Why practicing mindful eating should be your New Year’s resolution
At its core, mindful eating means taking the time to listen and take note of what our body is telling us. Furthermore, mindfulness is a mindset that encourages us to look past what’s on our fork. We then begin to consider the bigger implications of overindulging and the importance of being present in our weight loss journey. Tackle your weight loss resolutions this year with mindfulness.
Deciphering what is hunger
Mindfulness is a lot about decoding how we interpret food and our hunger. Many times, we mistaken feelings of boredom and thirst as signs of hunger. If we’re indulging when our body truly doesn’t need it, we’re consuming too much food for our body to use efficiently and effectively. A great way to dismantle this destructive habit we’ve developed is attempting to ease those “hunger pains” by drinking some water or distracting ourselves.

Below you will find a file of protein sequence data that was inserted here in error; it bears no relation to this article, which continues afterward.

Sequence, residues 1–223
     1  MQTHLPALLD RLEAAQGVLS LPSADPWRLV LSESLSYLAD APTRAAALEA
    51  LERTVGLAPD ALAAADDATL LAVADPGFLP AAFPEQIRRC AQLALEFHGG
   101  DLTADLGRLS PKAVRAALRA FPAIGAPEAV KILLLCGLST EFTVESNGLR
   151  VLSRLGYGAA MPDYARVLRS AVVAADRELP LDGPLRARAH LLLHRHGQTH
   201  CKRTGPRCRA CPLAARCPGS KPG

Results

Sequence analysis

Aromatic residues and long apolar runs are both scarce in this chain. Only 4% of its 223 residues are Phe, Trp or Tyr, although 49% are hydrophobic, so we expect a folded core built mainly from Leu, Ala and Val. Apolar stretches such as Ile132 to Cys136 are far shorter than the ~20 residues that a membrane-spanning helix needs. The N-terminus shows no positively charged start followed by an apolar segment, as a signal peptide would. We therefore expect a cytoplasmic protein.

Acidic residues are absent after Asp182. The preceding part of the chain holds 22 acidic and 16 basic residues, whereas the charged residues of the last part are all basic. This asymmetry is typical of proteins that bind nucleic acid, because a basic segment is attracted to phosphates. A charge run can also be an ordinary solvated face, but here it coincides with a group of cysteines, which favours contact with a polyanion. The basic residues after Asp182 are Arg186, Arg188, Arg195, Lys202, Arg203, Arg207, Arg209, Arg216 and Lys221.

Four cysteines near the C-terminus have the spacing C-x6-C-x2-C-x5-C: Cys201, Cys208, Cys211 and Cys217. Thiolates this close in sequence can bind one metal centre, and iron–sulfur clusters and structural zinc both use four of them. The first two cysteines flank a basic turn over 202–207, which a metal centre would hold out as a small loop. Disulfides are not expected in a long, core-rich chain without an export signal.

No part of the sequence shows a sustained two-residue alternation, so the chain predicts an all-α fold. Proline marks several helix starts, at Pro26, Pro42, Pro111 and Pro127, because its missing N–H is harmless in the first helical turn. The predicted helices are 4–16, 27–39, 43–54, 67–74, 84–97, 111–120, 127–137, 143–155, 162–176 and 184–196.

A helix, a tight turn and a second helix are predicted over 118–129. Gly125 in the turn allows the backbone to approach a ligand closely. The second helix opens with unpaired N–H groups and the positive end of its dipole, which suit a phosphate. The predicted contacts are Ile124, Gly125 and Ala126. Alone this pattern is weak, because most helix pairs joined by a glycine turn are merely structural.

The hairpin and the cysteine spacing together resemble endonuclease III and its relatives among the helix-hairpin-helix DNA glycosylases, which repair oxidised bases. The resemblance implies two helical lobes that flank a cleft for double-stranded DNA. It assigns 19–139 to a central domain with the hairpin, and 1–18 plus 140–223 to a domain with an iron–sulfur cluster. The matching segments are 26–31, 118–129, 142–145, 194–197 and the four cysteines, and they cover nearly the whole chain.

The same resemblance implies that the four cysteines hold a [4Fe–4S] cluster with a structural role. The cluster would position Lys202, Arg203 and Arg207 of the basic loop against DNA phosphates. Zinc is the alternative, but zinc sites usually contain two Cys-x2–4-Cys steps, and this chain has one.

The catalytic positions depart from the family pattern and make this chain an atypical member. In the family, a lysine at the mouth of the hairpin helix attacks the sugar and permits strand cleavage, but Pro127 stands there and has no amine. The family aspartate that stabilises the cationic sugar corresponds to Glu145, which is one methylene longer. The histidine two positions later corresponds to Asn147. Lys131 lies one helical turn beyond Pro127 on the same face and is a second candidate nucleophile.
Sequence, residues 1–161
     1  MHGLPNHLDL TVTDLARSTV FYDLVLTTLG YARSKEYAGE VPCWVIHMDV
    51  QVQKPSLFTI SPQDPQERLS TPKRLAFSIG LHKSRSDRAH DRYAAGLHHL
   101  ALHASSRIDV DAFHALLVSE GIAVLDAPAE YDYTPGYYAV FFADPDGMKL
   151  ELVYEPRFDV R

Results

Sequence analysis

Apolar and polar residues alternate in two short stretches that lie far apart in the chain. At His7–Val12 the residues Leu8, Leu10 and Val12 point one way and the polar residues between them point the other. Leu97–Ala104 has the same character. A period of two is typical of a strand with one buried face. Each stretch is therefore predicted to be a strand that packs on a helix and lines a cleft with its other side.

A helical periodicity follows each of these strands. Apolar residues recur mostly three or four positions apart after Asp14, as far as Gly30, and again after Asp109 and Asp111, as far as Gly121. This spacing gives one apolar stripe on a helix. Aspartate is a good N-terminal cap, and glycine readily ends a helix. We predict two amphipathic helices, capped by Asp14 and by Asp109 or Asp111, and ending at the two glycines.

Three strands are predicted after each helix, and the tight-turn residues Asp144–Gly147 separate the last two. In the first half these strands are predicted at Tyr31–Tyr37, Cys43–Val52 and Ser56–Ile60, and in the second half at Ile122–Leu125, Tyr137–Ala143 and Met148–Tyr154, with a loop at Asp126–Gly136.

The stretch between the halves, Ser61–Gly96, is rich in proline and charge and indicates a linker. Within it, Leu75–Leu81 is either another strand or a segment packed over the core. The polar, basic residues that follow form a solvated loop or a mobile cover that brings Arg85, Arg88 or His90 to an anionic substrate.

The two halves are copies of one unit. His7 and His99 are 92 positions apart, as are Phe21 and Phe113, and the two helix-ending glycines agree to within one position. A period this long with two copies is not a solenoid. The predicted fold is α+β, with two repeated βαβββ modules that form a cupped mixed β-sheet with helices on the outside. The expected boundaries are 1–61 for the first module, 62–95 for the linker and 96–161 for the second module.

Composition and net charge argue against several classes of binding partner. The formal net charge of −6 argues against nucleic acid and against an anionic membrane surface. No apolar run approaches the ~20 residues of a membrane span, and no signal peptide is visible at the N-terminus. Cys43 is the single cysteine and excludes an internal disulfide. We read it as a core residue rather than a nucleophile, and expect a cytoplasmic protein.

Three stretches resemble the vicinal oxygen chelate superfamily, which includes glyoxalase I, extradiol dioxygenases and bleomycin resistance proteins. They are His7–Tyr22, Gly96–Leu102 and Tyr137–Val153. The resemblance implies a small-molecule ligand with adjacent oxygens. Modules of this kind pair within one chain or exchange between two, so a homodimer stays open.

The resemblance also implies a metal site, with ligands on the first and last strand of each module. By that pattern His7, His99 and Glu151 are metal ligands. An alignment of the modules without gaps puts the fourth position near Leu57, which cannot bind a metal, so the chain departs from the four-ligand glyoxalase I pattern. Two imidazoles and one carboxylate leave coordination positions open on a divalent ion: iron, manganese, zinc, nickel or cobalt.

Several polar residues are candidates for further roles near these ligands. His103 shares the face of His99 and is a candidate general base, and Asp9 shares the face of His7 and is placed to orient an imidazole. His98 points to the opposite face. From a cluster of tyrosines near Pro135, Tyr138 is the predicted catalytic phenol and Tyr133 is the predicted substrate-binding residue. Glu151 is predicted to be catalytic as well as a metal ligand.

Reconsider what food is to you
Food is fuel, though that’s not how we all learned about food. You may have grown up considering food as a source of comfort or even something to indulge in when you’re truly bored. Now, food is no longer a way to emotionally cope with your feelings or boredom. Food has a specific purpose. This doesn’t mean that food cannot be enjoyable, it certainly can be, but by disassociating harmful urges from food will help you eliminate overindulging and overeating.
Understanding that food can bring your joy
As we said, food doesn’t have to fill a void in your life, but it can still bring you joy. Maybe it’s the people gathered around the table enjoying a shared meal. Cooking can be seen as a passion rather than a form of survival. Changing our mindset toward food will help you be more mindful of your consumption of it.
Being realistic with yourself and how you approach food is the first step to dismantling negative thoughts and harmful eating habits. Revamping your diet after bariatric surgery can be intimidating, but mindfulness makes the transition easier.